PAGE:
Digital Library

As part of our ongoing efforts to make the materials held at the Sparrows’ Nest easily accessible, we have been digitising materials since the early 2010s. Please note that the digitised materials are but the tip of the iceberg, materials continue to keep coming in much faster than we can process them, so if you cannot find what you are looking for, please get in touch, we may well have a copy.

We continue to add materials to our Digital Library and will also update our collection in the Internet Archive. To make sure you are being kept up to date, please get in touch to be added to our (low traffic) mailing list.

We are always happy for users' suggestions which documents to digitise next, so if you have any proposals, please contact us.

Of course, we can only do what we do because people donate their stuff to us. So if you have any materials or if know anyone who has any documents which might be of interest, please do not chuck them out, but get in touch with us!

Content and trigger warning

Most materials in our collections offer awesome and inspiring content, but you may encounter historical materials which are not anarchist/left-libertarian. Furthermore some materials contain triggering content which is racist, sexist, misogynistic, homophobic, transphobic, nationalistic, anti-Semitic, ableist, ageist, or otherwise not representative of the movement. Also be aware that some of the materials contain sexually explicit content and/or depictions and descriptions of physical and psychological abuse, sexual violence, etc. If you wish to access information but do not want to take the risk of being exposed to potentially triggering and/or traumatising content, please do not hesitate to get in touch, we will be happy to assist you as far as we are able.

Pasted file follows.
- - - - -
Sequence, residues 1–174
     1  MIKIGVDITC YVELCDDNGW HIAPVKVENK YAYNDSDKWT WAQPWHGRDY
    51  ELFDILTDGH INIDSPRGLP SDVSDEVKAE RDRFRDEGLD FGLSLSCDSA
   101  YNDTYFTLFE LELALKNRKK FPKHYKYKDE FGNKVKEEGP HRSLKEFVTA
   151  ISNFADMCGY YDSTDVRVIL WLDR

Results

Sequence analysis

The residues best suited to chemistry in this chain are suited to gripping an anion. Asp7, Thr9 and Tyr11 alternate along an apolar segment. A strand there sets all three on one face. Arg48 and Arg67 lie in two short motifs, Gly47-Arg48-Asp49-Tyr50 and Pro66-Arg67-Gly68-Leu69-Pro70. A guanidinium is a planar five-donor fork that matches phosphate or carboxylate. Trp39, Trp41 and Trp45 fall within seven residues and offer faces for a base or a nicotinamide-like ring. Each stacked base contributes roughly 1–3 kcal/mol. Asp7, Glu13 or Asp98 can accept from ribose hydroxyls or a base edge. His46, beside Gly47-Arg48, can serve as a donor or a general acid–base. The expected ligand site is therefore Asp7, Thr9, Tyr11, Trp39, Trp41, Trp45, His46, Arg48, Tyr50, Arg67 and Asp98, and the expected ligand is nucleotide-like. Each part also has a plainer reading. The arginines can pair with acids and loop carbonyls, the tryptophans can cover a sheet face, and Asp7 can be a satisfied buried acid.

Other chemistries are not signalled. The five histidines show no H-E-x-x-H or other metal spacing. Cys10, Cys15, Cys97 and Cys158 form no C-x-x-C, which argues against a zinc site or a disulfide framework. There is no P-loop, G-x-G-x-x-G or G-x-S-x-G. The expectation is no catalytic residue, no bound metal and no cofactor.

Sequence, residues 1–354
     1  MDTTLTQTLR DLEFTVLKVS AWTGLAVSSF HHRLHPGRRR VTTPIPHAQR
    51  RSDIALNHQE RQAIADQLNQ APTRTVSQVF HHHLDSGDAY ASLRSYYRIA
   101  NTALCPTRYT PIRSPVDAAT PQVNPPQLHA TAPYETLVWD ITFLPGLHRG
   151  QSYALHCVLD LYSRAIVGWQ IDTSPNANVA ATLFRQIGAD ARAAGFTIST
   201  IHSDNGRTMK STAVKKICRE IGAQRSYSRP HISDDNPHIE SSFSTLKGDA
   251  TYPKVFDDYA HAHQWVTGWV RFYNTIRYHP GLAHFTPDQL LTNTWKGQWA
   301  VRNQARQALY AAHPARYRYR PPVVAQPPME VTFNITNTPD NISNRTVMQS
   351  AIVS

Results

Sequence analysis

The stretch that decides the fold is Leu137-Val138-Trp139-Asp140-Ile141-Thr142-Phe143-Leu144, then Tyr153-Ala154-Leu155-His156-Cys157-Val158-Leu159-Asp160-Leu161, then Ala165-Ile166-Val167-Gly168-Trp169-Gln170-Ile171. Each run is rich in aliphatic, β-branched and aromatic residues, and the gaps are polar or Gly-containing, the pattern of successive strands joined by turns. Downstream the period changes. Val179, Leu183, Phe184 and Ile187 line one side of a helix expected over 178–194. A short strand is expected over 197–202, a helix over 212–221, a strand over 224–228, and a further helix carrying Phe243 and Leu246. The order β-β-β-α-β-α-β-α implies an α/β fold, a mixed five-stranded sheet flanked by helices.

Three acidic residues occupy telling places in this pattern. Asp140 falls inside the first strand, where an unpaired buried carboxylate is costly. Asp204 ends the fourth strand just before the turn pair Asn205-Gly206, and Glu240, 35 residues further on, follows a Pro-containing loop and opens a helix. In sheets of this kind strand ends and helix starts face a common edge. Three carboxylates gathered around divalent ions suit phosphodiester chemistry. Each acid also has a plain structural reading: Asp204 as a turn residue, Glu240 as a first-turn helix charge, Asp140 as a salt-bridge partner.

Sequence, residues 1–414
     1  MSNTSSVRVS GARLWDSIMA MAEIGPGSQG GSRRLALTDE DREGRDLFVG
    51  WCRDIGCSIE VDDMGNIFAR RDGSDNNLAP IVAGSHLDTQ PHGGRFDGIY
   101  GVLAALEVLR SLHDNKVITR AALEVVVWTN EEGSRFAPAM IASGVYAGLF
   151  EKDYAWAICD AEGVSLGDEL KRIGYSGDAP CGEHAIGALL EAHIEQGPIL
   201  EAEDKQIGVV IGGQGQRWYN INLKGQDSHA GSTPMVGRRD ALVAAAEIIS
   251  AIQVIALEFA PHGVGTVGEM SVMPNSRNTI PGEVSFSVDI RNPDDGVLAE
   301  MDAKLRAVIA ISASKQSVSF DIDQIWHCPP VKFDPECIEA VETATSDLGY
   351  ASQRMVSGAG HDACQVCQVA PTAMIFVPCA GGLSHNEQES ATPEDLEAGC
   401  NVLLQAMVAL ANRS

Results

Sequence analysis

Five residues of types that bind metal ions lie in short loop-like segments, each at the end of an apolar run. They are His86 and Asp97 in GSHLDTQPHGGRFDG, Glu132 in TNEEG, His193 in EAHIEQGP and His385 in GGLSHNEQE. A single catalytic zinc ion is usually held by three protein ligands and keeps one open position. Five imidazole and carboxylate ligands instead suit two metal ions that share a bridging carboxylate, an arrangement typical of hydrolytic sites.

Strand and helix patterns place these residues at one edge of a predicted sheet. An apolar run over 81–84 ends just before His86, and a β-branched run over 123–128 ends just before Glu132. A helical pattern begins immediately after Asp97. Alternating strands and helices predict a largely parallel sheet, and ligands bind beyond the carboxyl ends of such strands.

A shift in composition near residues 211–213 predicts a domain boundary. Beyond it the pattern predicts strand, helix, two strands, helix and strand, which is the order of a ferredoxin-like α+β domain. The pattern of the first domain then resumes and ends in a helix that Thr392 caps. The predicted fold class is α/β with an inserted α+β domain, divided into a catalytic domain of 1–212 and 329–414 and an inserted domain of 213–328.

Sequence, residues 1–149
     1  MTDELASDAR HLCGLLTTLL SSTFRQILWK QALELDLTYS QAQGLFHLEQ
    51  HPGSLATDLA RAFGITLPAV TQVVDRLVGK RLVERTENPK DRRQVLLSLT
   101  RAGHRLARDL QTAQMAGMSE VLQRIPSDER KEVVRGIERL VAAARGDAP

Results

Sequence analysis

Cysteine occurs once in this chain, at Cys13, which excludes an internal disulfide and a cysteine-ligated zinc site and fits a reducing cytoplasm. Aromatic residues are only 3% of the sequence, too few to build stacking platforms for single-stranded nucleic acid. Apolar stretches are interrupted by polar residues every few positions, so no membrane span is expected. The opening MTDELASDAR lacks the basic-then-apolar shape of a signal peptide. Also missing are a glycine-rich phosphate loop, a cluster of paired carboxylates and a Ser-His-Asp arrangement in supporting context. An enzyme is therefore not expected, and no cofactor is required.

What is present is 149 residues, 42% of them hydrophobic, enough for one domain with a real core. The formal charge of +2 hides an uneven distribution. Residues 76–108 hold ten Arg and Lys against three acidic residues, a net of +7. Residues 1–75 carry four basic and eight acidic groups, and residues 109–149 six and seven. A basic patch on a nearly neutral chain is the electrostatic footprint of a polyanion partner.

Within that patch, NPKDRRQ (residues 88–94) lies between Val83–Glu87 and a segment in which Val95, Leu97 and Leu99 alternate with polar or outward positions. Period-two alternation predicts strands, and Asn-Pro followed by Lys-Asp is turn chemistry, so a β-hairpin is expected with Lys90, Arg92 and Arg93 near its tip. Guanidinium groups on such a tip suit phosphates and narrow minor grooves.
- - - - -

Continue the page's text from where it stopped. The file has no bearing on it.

This time we want to put the spotlight on records documenting the campaigns against the Poll Tax in the late 1980s and early 1990s.

 

This time we are putting our spotlight on some of the many independent local newspapers, bulletins, etc. that were produced in Nottingham over the last five decades. UPDATED 20/02/2020.

Given the recent 50th anniversary of the Stonewall Riots, we decided to put our spotlight on some of the many documents in our collections documenting LGBTQ+ history in Nottingham.

In 1984, the organisation then known as the Anarchist Communist Federation began to publish a magazine entitled Virus, which ran for 13 issues before being continued as Organise! from 1989.

The first series of Anarchy, published between 1961 and 1970 by London based Freedom Press and edited by Colin Ward, is a popular, fascinating and beautiful highlight in our collections.